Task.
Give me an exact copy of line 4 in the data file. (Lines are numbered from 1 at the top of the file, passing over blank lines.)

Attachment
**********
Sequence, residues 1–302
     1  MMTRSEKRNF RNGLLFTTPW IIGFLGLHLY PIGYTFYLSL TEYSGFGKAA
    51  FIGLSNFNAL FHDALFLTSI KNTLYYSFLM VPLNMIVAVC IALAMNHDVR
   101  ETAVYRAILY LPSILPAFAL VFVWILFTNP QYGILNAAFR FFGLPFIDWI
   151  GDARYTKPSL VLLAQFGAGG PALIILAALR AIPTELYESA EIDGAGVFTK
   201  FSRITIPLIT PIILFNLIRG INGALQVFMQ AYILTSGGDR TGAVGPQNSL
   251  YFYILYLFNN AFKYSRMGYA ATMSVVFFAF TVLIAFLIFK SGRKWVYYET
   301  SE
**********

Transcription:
   101  ETAVYRAILY LPSILPAFAL VFVWILFTNP QYGILNAAFR FFGLPFIDWI